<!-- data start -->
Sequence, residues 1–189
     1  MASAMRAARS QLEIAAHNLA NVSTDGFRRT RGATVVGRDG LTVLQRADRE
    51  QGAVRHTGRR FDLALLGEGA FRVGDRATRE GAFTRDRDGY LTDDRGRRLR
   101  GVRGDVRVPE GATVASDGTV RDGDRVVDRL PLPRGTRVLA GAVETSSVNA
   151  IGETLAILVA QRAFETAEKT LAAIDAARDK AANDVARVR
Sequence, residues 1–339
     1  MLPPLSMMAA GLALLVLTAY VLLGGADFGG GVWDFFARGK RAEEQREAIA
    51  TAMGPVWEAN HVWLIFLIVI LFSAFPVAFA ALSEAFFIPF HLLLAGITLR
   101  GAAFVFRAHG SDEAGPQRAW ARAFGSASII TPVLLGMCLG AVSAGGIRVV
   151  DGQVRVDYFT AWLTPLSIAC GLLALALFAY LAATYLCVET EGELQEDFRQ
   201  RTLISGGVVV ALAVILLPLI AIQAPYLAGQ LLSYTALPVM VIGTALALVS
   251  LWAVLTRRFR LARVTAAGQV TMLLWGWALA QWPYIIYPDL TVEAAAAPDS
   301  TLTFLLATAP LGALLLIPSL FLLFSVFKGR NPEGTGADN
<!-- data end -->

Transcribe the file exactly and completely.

Sequence, residues 1–189
     1  MASAMRAARS QLEIAAHNLA NVSTDGFRRT RGATVVGRDG LTVLQRADRE
    51  QGAVRHTGRR FDLALLGEGA FRVGDRATRE GAFTRDRDGY LTDDRGRRLR
   101  GVRGDVRVPE GATVASDGTV RDGDRVVDRL PLPRGTRVLA GAVETSSVNA
   151  IGETLAILVA QRAFETAEKT LAAIDAARDK AANDVARVR
Sequence, residues 1–339
     1  MLPPLSMMAA GLALLVLTAY VLLGGADFGG GVWDFFARGK RAEEQREAIA
    51  TAMGPVWEAN HVWLIFLIVI LFSAFPVAFA ALSEAFFIPF HLLLAGITLR
   101  GAAFVFRAHG SDEAGPQRAW ARAFGSASII TPVLLGMCLG AVSAGGIRVV
   151  DGQVRVDYFT AWLTPLSIAC GLLALALFAY LAATYLCVET EGELQEDFRQ
   201  RTLISGGVVV ALAVILLPLI AIQAPYLAGQ LLSYTALPVM VIGTALALVS
   251  LWAVLTRRFR LARVTAAGQV TMLLWGWALA QWPYIIYPDL TVEAAAAPDS
   301  TLTFLLATAP LGALLLIPSL FLLFSVFKGR NPEGTGADN